We have a front runner for favorite tweet about the NFL Draft process.
Believe it or not, a high Wonderlic score scares some NFL Coaches. They wonder if the player is "too smart for his own good".— Mike McCartney (@MikeMcCartney7) April 11, 2014
It is not at all surprising that some coaches might be concerned about this. I think it's less about just being smart, and more about being so smart they're more inclined to think for themselves. An example might be the Alex Smith-Aaron Rodgers debate. Both reportedly did well on the Wonderlic, but there has been chatter that Mike Nolan was not happy that Rodgers was not quick to obey instructions. He preferred Smith who he viewed as a bit more cerebral and less likely to get into confrontations.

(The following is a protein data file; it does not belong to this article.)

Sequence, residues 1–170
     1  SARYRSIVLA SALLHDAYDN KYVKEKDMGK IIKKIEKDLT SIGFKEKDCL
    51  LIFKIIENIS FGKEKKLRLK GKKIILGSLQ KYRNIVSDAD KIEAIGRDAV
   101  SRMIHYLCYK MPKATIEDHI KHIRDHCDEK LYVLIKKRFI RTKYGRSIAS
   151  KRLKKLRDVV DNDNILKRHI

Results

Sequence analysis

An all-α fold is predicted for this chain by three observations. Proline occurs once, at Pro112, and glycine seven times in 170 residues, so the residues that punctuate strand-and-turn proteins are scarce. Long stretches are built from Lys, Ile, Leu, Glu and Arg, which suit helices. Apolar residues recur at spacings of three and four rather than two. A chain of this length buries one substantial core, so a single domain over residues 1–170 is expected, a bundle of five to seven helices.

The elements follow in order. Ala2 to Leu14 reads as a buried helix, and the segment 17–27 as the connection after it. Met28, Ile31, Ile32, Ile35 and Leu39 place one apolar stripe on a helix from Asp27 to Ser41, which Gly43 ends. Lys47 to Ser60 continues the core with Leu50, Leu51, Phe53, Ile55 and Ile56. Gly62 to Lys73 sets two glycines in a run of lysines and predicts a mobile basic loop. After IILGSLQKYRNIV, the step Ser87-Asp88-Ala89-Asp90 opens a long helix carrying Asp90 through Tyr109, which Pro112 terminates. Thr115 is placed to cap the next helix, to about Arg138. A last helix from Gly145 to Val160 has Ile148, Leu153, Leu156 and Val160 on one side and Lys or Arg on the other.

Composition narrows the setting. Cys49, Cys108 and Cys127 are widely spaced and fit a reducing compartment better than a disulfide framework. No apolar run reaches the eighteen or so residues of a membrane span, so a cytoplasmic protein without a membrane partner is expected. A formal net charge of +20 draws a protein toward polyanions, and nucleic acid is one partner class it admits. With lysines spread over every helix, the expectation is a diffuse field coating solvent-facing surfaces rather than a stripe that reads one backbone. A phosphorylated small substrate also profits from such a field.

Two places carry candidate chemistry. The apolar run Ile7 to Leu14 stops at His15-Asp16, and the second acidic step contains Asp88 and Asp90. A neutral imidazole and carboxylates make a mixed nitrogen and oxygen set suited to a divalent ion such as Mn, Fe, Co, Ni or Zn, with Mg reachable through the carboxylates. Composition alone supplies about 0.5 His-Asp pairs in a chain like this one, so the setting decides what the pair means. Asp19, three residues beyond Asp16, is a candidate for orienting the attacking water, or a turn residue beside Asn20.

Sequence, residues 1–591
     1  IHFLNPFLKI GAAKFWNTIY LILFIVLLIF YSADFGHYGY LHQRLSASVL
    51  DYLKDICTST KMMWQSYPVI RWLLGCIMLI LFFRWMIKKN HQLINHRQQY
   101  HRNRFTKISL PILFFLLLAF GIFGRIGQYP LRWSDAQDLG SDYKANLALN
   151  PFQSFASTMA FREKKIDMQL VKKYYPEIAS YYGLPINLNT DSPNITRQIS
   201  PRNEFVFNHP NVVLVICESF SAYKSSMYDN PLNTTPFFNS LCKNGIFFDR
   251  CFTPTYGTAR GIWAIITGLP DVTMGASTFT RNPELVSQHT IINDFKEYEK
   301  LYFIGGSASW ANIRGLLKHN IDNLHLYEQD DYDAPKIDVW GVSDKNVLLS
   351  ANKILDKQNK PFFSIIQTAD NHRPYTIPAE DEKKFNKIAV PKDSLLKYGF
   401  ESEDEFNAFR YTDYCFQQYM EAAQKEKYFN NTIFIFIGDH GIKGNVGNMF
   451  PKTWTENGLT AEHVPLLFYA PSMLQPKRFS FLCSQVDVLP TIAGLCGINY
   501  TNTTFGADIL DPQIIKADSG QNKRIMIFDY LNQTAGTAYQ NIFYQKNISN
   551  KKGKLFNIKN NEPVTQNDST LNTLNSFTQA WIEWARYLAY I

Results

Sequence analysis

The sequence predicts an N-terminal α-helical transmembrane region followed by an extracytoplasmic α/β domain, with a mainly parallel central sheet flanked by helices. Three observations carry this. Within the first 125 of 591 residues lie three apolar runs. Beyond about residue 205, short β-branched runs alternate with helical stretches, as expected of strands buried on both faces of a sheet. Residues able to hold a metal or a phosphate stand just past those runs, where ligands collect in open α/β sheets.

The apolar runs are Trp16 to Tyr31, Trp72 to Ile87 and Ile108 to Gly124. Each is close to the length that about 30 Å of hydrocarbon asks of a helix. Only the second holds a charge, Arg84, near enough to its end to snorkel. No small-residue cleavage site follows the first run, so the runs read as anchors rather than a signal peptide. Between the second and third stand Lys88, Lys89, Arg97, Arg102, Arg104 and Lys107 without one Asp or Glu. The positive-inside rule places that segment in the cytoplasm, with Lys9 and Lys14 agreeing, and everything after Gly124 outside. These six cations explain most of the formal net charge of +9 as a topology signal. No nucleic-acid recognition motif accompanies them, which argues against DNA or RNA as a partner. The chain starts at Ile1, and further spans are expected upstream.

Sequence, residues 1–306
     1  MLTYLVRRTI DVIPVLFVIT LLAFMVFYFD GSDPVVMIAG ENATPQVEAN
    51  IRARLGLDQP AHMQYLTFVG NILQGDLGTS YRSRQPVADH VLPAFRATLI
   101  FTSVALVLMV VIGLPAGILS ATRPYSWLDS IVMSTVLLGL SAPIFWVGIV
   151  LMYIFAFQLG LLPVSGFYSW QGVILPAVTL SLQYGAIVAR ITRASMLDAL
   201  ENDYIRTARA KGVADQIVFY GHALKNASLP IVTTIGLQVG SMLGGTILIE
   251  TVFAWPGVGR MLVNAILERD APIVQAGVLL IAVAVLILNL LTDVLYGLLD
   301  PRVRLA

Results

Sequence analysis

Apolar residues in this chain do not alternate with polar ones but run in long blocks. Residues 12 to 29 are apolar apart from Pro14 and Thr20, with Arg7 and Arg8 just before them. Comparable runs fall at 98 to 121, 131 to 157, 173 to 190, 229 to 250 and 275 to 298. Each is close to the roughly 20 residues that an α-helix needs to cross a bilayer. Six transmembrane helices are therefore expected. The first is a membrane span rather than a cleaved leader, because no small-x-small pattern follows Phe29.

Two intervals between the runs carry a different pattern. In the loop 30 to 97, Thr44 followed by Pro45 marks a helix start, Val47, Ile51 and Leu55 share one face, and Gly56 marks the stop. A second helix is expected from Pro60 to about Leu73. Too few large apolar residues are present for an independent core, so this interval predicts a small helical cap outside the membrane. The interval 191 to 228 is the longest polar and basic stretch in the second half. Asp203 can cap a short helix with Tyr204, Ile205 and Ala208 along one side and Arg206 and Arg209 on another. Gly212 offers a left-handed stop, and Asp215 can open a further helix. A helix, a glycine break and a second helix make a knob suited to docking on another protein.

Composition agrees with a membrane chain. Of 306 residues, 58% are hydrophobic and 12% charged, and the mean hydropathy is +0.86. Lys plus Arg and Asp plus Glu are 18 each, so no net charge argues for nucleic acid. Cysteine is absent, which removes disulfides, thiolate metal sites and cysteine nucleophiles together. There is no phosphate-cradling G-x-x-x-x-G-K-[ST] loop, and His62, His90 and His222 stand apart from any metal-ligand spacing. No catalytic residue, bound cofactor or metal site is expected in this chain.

I can see how being able to ignore bad performances might make sense for someone like a cornerback. But if a Wonderlic turns you off because of what it might imply, I have a hunch you will not be doing talent assessment for a long time.
The Wonderlic score is frequently discussed, even though the value of it is debatable. It is one assessment of intelligence that is not necessarily helpful across the board. An example of that would be Frank Gore. The 49ers running back scored very poorly on the test in large part because of a learning disability. Gore's coaches have frequently spoken of how smart a football player is. His intelligence comes in a manner that cannot be tested by something like the Wonderlic.
Last year, the NFL instituted a separate test that helps assess "non-physical capabilities, aptitudes and strengths[.]" There has not been much discussion of it beyond the initial introduction. Given the investment in draft prospects, you'd think the NFL would want to assess them in as many ways as possible, looking at an assortment of skills. And yet, it took until 2013 to come up with something to supplement the Wonderlic. Sometimes the folks at the NFL are the ones that can be the dummies.